Reporting back after an ambitious two year trip to various animal farming operations worldwide, architect Jose Ahedo recently presented his research project, Domesticated Grounds, at Harvard’s Graduate School of Design. With support from Harvard’s annual Wheelwright Prize, which he was awarded in 2014, Ahedo travelled over 100,000 miles to eight countries across four continents: Germany, Azores Islands, Mongolia, China, India, New Zealand, Bolivia and Paraguay, visiting over 200 farming families on his journey. For the Barcelona-based designer who was born and raised on a dairy farm in rural Spain and has designed and developed Blanca, a dairy farm and educational facility in the Pyrenees, this project is the continuation of a longstanding goal: to demystify the struggles of rural farming communities and create opportunities for designers to reconceive how we think about farming today, for the future.
Ahedo’s project is a rigorous and often very intimate exploration of design and domesticity in animal-farming operations. The Wheelwright Prize, with its emphasis on travel and field research, was the perfect opportunity to get access to otherwise hard to access geographies and communities. Along the way, Ahedo spent time with over 200 families working in animal farming and also met with various university technicians, scientists, local governments and policy makers. His travels spanned a variety of poor and wealthy communities in order to explore the asymmetry that exists in animal farming today.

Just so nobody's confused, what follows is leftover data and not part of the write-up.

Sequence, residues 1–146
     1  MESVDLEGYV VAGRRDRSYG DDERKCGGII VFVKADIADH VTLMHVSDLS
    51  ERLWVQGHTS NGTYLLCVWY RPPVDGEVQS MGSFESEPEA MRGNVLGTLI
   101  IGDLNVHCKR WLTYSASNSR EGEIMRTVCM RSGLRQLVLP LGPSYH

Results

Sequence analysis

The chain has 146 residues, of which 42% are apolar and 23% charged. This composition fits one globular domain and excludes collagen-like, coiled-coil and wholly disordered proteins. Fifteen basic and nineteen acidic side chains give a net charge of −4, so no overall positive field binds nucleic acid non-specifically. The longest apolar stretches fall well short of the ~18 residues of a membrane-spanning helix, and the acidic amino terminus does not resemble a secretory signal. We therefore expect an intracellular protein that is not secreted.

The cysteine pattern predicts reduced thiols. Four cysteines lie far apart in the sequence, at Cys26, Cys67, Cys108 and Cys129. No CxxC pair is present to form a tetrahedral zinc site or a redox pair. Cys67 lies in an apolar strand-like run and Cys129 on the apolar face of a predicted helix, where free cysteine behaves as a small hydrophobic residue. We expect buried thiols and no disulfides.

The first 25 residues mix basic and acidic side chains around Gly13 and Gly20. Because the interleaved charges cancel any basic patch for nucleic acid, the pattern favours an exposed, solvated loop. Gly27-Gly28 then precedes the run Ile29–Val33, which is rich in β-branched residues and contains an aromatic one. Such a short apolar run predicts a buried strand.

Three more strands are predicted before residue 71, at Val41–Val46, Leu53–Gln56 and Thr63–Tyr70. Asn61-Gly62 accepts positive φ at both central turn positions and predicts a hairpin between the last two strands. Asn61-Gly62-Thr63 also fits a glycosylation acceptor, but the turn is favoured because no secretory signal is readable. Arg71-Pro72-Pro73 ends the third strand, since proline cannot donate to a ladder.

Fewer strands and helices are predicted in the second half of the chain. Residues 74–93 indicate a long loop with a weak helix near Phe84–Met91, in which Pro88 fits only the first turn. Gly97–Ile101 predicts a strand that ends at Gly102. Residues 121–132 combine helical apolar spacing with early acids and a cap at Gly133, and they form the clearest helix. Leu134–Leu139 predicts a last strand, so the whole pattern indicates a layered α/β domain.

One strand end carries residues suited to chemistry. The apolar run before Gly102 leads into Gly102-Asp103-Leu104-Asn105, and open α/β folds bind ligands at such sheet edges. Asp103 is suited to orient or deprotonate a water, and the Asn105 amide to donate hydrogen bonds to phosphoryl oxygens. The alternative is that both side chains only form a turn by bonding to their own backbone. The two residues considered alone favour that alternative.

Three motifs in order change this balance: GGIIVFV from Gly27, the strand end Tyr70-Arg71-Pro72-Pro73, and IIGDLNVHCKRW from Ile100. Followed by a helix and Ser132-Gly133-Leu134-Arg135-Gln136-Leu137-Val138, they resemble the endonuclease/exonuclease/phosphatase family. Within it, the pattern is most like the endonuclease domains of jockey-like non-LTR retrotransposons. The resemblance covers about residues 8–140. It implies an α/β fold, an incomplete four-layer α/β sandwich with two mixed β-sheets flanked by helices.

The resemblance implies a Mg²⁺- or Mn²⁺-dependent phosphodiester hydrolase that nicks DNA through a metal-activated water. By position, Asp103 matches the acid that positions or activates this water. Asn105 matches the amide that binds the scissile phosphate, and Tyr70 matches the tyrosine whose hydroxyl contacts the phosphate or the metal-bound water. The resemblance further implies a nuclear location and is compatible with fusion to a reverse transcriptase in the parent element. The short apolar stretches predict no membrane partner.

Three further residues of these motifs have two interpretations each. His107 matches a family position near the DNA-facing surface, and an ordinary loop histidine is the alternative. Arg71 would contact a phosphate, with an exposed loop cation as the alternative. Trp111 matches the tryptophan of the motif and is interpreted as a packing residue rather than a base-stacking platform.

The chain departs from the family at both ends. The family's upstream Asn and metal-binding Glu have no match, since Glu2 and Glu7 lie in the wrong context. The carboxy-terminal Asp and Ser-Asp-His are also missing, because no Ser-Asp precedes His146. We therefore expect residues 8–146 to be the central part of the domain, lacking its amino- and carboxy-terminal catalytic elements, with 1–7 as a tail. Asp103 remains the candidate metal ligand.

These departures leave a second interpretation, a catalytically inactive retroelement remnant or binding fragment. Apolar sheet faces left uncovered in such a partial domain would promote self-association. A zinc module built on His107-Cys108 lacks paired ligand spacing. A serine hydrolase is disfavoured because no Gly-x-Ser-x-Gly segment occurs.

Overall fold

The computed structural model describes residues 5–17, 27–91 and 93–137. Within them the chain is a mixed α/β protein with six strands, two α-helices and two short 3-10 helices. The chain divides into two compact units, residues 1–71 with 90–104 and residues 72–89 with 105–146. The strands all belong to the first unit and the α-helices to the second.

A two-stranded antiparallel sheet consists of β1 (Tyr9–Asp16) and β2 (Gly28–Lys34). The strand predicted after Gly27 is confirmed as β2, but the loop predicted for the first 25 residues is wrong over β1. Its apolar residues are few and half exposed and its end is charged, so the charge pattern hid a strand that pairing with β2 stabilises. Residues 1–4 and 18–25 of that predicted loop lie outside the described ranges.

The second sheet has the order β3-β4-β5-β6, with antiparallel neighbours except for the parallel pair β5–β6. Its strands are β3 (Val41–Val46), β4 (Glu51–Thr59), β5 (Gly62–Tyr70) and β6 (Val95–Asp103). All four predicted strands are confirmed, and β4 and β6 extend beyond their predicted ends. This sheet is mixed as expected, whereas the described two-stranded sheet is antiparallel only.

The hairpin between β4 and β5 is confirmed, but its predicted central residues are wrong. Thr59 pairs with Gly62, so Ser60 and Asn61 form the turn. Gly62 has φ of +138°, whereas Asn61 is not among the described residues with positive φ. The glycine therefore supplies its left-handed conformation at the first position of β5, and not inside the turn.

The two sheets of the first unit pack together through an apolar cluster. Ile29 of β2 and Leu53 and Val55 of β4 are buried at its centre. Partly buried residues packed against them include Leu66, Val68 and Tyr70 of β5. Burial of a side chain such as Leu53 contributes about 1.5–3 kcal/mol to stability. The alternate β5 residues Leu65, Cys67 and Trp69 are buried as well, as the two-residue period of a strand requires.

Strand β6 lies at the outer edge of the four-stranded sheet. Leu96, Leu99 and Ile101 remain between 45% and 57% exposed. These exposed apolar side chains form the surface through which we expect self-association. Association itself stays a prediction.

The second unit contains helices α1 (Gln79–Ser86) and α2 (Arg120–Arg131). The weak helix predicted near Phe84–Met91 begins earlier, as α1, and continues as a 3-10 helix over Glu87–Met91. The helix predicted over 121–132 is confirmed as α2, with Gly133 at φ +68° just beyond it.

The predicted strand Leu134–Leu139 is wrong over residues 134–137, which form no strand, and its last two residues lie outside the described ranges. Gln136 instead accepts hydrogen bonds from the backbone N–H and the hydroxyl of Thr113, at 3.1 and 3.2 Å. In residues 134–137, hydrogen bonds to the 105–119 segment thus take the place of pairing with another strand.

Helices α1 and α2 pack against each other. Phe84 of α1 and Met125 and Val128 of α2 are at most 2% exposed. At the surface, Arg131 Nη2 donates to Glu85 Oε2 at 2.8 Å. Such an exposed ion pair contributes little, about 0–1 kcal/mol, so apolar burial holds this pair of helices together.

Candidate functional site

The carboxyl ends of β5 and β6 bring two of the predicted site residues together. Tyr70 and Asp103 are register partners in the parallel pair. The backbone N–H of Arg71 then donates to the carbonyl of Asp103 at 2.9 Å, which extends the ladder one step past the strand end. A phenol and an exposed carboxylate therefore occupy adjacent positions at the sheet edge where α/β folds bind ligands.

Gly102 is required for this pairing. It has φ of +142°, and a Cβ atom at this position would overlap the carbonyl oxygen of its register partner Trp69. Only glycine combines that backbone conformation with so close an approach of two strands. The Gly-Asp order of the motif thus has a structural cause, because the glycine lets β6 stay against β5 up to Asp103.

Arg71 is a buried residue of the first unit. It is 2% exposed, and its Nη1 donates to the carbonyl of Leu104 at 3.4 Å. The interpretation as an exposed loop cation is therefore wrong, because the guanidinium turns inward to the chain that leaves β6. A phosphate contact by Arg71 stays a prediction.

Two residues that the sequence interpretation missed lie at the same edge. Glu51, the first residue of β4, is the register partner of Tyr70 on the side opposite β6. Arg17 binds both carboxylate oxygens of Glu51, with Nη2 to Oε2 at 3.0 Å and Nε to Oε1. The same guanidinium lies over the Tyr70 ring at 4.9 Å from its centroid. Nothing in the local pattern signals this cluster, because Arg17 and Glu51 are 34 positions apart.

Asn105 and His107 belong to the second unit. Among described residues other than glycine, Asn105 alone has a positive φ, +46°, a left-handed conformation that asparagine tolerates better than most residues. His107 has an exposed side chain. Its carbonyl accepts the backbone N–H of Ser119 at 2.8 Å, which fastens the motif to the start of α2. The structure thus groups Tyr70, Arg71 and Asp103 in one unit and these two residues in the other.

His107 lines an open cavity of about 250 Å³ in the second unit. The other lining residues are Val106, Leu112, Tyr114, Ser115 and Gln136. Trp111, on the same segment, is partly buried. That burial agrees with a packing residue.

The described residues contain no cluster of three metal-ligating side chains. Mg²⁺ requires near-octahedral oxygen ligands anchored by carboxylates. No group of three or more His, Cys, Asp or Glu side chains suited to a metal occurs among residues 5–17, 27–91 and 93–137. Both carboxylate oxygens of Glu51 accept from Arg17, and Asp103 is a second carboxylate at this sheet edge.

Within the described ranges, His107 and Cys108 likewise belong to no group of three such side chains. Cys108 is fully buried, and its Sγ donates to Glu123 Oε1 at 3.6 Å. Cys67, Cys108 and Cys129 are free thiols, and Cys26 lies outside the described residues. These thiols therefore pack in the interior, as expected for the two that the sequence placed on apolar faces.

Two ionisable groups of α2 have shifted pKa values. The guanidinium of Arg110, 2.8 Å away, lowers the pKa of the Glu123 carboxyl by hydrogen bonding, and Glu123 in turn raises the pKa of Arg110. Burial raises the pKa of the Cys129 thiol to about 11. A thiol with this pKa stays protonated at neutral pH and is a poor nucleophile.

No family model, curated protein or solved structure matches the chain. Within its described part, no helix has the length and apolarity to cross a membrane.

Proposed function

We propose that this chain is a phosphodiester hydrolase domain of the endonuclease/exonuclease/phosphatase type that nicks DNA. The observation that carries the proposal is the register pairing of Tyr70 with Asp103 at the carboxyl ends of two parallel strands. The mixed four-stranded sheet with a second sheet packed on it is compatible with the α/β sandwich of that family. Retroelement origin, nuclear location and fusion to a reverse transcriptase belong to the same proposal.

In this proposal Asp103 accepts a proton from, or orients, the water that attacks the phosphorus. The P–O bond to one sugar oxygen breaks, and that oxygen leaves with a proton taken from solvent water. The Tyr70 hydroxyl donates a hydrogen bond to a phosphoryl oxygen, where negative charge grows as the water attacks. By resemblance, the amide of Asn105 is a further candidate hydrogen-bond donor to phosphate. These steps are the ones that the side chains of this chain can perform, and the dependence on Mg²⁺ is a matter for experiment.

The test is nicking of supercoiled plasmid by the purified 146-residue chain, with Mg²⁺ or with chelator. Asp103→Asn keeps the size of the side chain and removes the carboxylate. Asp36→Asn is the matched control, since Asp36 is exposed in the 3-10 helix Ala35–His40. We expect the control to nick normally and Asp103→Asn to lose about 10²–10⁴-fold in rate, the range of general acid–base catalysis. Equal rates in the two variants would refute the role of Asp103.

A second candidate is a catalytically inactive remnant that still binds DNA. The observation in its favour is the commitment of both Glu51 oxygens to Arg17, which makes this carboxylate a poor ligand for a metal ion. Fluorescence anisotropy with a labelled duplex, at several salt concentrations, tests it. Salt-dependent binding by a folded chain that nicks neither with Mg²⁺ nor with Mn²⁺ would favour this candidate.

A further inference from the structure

Through photographs—aerial views that depict entire landscapes to intimate, close-up portraits of the farmers he met—and written documentation, (he mentioned that the next step will be to translate these materials into architectural drawings), Ahedo is expanding how we understand farming systems and beyond. He also draws attention to the ways that these farm systems touch on issues ranging from the significance of our cultural and architectural traditions, infrastructural design and policy-making, questions brought up by technological advancements, and the many social issues still present in animal production. Ultimately, in his talk at Harvard the architect remarked, “this is about very well-established, traditional dialectics—between human and animal, natural and artificial, rural and urban—that have changed into something else and that can no longer be considered in the ways they have always been considered.”
Speaking about the precision and “embedded knowledge” within the production strategies he encountered on his trip, he noted that “if anything ties all the systems together, it’s an extreme and radical efficiency—they use everything they have.” In that vein, he concluded the talk with a call-to-arms, encouraging the audience to embrace their double duty as consumers and designers. While that “double-duty” may not apply to all of us, we can accomplish a lot by thinking about what we’re saying with our wallets.